Thus, the L&SWR started to suffer in its suburban zone. According to Faulkner and Williams in 1902 the L&SWR lost 64% of its receipts on the Hounslow route because of the LUT’s activities. Indeed, if we consider the table above we can see that in the 10 years after 1900 the growth in the number of passengers, passenger train miles and passenger revenue slowed considerably in contrast with the 10 years before. Thus, there were worrying signs that underlying idea that had endured for decades, that the growth number of passengers would continue unabated, was probably doubted. Indeed, at the 1913 General Meeting, the investors were told that the company had lost £100,000 in revenue and the passenger numbers were by then falling by a million per year. Thus the company’s had, by that point, become a reality.
The first stage of the electrification plan was confirmed by the board in December 1912. The proposed routes to be electrified are shown in the picture. The move was therefore different from the rebuilding of Waterloo. Waterloo was rebuilt based on the assumption that Passenger traffic would continue to rise and that there would be no alteration in this fact. However, the Electrification scheme was adopted because of exactly the opposite reason, a fear that passenger traffic, and profits, would decline. Therefore, the attack on passenger traffic by the company’s first real competitors in the suburban passenger market must have been unexpected given the prior history of the L&SWR. Thus, they were made the decision because they were trying to protect their business.
The company completed the planned suburban electrification in the years after 1912, connecting to Wimbledon, Kingston, Hampton Court, Hounslow, Claygate and Shepperton by 1915-16. It was the Southern Railway that would continue the L&SWR’s work.
In the context of the profitability and performance problems of the British Railway industry in the late Victorian period, what could be said about these two events? Firstly, it is evident that despite the failing profitability of the period 1870 to 1900, it wasn’t substantial enough to change the company’s reaction to the increased passenger traffic and the need for greater facilities. Faced with capacity problems they did not try alternative ideas to solve them, for example reducing the number of trains running into Waterloo or closing stations to reduce the number of passengers carried. Instead, they continued with the long-standing pattern of rebuilding existing facilities so every passenger would be accommodated, confident in the knowledge that the cost would, eventually be covered. However, they were shocked into action when the passenger growth, that had always been expected, did not materialise because of new and unexpected competed forms of passenger transport. As such, they were forced into reacting to their business environment by trying to protect the traffic they did have.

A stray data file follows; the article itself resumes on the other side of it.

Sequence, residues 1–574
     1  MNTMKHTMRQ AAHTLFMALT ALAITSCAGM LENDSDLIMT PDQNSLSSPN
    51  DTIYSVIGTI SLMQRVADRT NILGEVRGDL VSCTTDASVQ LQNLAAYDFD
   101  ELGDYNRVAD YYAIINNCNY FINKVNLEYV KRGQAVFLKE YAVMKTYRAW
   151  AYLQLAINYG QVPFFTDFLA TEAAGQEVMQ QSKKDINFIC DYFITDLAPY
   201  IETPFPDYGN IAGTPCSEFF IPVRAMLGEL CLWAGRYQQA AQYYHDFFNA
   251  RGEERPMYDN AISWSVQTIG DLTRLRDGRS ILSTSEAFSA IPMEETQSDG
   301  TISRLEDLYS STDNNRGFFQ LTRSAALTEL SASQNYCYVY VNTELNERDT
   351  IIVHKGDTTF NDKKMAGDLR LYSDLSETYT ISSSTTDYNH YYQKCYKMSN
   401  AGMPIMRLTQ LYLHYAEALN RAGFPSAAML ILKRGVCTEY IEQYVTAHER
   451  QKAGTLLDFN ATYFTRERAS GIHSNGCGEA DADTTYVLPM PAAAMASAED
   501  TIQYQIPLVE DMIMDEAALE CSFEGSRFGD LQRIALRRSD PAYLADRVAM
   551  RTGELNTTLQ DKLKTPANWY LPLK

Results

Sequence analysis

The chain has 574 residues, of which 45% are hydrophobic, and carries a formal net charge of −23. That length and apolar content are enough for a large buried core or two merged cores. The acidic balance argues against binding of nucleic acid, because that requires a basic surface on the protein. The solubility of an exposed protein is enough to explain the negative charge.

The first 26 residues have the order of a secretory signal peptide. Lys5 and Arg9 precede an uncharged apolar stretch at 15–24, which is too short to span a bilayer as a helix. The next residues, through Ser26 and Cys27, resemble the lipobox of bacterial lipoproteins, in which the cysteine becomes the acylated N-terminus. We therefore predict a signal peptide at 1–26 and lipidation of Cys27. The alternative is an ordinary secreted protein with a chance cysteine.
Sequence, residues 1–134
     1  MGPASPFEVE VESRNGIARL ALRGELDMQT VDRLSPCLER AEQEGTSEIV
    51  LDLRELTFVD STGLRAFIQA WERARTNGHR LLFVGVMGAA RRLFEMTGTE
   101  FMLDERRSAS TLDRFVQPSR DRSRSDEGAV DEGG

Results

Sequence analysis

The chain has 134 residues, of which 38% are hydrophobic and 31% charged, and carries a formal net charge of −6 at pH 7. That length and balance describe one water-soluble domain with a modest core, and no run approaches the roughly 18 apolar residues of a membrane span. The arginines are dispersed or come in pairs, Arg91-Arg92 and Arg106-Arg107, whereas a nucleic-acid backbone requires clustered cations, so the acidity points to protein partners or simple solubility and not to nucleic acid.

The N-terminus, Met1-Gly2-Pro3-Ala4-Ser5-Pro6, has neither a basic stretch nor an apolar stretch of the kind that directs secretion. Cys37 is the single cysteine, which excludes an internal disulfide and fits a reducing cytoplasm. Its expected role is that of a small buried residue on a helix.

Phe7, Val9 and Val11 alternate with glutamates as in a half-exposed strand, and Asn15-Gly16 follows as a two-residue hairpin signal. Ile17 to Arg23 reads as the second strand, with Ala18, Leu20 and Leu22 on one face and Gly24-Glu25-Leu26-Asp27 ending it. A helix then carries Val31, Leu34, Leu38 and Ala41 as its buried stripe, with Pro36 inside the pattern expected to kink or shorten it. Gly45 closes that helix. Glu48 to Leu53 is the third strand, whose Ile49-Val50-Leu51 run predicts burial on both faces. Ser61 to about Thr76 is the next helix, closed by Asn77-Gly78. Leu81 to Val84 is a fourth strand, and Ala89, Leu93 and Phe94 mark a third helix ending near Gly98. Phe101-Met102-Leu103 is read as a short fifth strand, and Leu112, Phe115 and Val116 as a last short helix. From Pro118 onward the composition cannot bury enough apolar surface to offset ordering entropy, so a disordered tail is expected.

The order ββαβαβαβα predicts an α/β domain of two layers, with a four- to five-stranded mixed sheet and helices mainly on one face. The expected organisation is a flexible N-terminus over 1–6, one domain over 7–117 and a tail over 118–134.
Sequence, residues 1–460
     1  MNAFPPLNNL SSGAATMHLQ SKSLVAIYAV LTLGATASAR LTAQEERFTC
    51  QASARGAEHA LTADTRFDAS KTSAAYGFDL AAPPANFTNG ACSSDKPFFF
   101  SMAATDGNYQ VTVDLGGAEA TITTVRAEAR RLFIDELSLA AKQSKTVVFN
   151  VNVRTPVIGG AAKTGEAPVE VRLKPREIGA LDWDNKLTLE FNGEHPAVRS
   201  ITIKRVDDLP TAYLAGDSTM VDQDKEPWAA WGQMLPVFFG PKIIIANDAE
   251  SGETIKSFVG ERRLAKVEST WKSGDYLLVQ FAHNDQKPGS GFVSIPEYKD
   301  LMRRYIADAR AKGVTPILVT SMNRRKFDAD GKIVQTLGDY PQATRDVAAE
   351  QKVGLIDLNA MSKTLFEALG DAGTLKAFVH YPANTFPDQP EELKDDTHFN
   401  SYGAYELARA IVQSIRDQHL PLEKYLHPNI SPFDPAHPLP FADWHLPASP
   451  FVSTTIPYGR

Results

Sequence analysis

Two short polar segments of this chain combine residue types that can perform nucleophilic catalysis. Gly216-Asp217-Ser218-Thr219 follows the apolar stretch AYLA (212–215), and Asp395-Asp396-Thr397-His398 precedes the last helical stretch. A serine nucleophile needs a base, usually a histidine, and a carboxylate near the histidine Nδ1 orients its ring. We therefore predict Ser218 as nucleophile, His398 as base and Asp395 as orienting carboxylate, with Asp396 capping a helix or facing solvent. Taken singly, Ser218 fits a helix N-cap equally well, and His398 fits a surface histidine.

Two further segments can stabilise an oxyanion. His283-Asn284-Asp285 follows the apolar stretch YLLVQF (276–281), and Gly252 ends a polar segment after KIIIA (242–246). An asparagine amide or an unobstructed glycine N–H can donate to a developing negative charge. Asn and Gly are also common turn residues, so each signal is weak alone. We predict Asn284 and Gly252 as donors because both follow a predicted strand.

Thus, what these two large L&SWR investments symbolise is an important moment in the history of Britain’s railways. The early 1900s were when companies stopped considering that Traffic would always continue to rise, but rather, tried to protect what they had because the business environment had changed. In essence, the period was when Britain’s railway’s would start their long decline towards Beeching.
Faulkner, J.N. and Williams, R.A. The LSWR in the Twentieth Century, (London, 1988)